When you pick up a piece of coal you hold in your hand the compressed fossilised remnants of a primeval forest. Around 300 million years ago, a time when most of what we now call Ireland lay about 10 degrees south of the equator, giant tree-ferns and clubmosses flourished in hot, humid conditions which saw the development of extensive areas of swamp. Over time, as the plants died, their remains accumulated in the prevailing waterlogged conditions and formed thick layers of semi-rotted dead vegetation or peat. This period was characterised by fluctuations in sea level which rose and fell on numerous occasions. Each rise flooded the swamps and covered the peat layers in deposits of silt and sand. When the water level once again fell, new swamps clothed in vegetation became established and so the cycle repeated itself many times over millions of years. During the passage of time, the alternating layers of silt, sand and peat were compressed and compacted into layers of shale, sandstone and coal respectively, comparable in a sense to a gigantic, multi-layered rock sandwich. This occured in the latter stages of the geological period called the Carboniferous, meaning ‘carbon-bearing’, a reference to the extensive coal deposits which were laid down at that time..
One of the main groups of plants growing in the swamp forests were the lycopods. These were giant clubmosses, some of which attained tree-size proportions. They include a species known as lepidodendron, which could reach heights of up to 38 metres. Its ‘root’ system is known in the fossil record as stigmaria and has a readily recognisable ‘dimpled’ pattern. Another common fossil clubmoss is sigillaria. It takes around 15 cm of peat to form 1 cm of coal. The large sample I am holding was gifted to me in 1977 by a friend whose father owned a fuel depot in Harold’s Cross in Dublin. It is 20 cm in thickness and therefore represents the compressed remains of a 3-metre deposit of ancient peat and weighs 10 kg. The upper surface displays the linear pattern of the trunk of a Sigillaria. It is estimated that as much as 70% of the coal in some deposits may consist of the compacted remains of lycopods. Smaller plants also grew in those tropical forests including many species of fern and Pennsylvania in the USA is famous for them. I regularly check through my coal before consigning it to the flames and over the years have been amply rewarded with some nice fossils.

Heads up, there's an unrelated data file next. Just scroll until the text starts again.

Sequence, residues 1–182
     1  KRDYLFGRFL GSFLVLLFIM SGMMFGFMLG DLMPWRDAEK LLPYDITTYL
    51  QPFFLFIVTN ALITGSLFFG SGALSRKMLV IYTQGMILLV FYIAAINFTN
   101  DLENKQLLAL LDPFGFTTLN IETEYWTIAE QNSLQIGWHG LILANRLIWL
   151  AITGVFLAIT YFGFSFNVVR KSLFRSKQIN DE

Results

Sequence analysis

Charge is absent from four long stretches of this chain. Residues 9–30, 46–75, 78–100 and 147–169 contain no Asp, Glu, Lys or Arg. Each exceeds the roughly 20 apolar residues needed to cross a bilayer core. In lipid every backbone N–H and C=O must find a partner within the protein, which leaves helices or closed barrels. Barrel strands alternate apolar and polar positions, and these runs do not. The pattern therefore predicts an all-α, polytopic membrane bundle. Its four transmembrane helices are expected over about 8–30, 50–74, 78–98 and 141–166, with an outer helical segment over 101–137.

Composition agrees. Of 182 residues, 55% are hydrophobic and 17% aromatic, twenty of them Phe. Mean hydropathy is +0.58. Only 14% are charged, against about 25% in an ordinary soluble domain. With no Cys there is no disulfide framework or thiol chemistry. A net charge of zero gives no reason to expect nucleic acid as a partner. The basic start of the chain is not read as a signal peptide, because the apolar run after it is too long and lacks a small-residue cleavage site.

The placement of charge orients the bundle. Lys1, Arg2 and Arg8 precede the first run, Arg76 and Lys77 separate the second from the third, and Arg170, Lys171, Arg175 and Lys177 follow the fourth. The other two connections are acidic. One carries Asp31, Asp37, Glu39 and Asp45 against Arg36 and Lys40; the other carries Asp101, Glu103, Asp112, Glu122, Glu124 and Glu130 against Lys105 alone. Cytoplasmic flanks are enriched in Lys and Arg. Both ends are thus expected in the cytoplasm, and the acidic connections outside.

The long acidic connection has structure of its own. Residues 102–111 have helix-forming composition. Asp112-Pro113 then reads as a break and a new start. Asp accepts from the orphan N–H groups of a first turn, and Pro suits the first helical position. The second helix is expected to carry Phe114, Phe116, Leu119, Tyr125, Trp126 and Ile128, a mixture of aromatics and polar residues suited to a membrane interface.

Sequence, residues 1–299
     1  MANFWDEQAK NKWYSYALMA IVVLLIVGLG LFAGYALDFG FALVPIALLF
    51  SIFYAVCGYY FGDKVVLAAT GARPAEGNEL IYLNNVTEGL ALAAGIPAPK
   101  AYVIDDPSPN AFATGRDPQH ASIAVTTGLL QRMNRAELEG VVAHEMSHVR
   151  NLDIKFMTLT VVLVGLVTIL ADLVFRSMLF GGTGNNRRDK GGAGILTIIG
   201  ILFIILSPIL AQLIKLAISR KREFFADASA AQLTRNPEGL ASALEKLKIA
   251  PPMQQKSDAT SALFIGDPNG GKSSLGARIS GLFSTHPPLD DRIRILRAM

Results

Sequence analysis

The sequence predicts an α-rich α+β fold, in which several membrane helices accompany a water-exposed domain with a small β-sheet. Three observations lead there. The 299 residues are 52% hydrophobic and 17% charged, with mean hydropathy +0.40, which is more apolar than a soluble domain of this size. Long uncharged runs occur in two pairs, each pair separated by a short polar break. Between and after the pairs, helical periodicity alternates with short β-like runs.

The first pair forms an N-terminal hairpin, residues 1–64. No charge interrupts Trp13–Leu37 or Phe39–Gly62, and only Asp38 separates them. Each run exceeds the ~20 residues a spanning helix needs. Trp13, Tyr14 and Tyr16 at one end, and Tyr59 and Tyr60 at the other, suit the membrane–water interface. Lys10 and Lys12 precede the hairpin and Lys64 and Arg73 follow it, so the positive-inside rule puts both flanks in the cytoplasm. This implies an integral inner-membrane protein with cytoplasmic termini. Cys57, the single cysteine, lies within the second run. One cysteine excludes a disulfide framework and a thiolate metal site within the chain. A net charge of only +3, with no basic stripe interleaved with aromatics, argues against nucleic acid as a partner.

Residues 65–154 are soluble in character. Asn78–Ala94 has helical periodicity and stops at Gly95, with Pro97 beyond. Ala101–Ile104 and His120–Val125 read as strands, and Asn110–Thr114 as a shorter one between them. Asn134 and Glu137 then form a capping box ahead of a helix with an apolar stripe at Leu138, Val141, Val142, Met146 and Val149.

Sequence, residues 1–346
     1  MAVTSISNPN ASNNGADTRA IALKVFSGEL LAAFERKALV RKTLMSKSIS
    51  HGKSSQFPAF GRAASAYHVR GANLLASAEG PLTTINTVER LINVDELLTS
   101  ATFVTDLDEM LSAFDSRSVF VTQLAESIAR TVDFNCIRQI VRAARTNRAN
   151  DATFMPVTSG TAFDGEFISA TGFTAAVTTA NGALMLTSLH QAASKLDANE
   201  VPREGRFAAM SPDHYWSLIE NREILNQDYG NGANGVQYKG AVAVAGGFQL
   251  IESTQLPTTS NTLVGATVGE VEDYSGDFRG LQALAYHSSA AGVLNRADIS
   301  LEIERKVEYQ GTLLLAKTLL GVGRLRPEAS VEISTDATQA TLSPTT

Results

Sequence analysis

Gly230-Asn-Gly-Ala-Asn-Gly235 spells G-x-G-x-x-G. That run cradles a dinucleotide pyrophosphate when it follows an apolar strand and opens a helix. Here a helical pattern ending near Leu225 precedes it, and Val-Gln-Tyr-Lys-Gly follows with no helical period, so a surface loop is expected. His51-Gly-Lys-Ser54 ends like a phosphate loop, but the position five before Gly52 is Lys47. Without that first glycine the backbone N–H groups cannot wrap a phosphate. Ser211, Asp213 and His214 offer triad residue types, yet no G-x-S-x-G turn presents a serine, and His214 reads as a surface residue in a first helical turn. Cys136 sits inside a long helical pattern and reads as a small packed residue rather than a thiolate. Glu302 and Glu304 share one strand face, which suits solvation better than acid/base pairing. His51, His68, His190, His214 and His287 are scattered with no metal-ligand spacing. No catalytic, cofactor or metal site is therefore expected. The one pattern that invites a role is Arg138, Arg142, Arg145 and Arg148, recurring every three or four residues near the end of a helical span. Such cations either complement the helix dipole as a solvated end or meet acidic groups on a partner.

Clay-ironstone nodules are natural concretions which occur in shale and are commonly found during coal mining. They are composed of a blend of fine clay particles and an iron mineral known as siderite. Also known as ‘iron balls’, they were processed from the mid-sixteenth century onwards as a source of iron when coal extraction began in the Castlecomer area of Kilkenny. Indeed, some of the railings and gates in the locality are made of ‘Castlecomer iron’. The nineteenth-century ironworks in Arigna, Co. Roscommon, was supplied with siderite-rich nodules collected by men and women in the layers of shale exposed along the courses of the local rivers.
Clay-ironstone nodules come in a variety of shapes and sizes and over the years I have amassed a significant collection. When the Bru na Bóinne Visitor Centre in Co. Meath was being built some years ago, the machines removed vast quantities of the local shale and some large nodules surfaced. Some of these were retained and later incorporated in the water feature located just outside the main entrance to the centre. The largest specimen I have ever come across on my travels is on display outside the Natural History Museum in Bordeaux in France.